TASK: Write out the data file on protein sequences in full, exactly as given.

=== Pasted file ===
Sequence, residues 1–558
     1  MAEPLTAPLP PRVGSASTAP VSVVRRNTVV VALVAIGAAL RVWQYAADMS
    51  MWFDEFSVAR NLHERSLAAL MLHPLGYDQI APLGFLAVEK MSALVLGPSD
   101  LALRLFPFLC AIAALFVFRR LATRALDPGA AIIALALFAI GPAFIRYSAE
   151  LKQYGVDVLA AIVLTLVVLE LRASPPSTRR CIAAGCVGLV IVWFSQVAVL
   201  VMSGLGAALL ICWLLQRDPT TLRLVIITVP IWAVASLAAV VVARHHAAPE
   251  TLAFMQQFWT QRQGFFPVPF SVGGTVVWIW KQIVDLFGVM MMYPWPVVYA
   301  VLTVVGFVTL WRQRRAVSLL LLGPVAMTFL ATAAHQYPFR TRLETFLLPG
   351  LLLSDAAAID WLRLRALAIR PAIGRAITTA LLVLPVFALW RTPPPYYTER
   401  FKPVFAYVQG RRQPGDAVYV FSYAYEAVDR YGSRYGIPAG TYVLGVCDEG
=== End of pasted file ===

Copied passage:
Sequence, residues 1–558
     1  MAEPLTAPLP PRVGSASTAP VSVVRRNTVV VALVAIGAAL RVWQYAADMS
    51  MWFDEFSVAR NLHERSLAAL MLHPLGYDQI APLGFLAVEK MSALVLGPSD
   101  LALRLFPFLC AIAALFVFRR LATRALDPGA AIIALALFAI GPAFIRYSAE
   151  LKQYGVDVLA AIVLTLVVLE LRASPPSTRR CIAAGCVGLV IVWFSQVAVL
   201  VMSGLGAALL ICWLLQRDPT TLRLVIITVP IWAVASLAAV VVARHHAAPE
   251  TLAFMQQFWT QRQGFFPVPF SVGGTVVWIW KQIVDLFGVM MMYPWPVVYA
   301  VLTVVGFVTL WRQRRAVSLL LLGPVAMTFL ATAAHQYPFR TRLETFLLPG
   351  LLLSDAAAID WLRLRALAIR PAIGRAITTA LLVLPVFALW RTPPPYYTER
   401  FKPVFAYVQG RRQPGDAVYV FSYAYEAVDR YGSRYGIPAG TYVLGVCDEG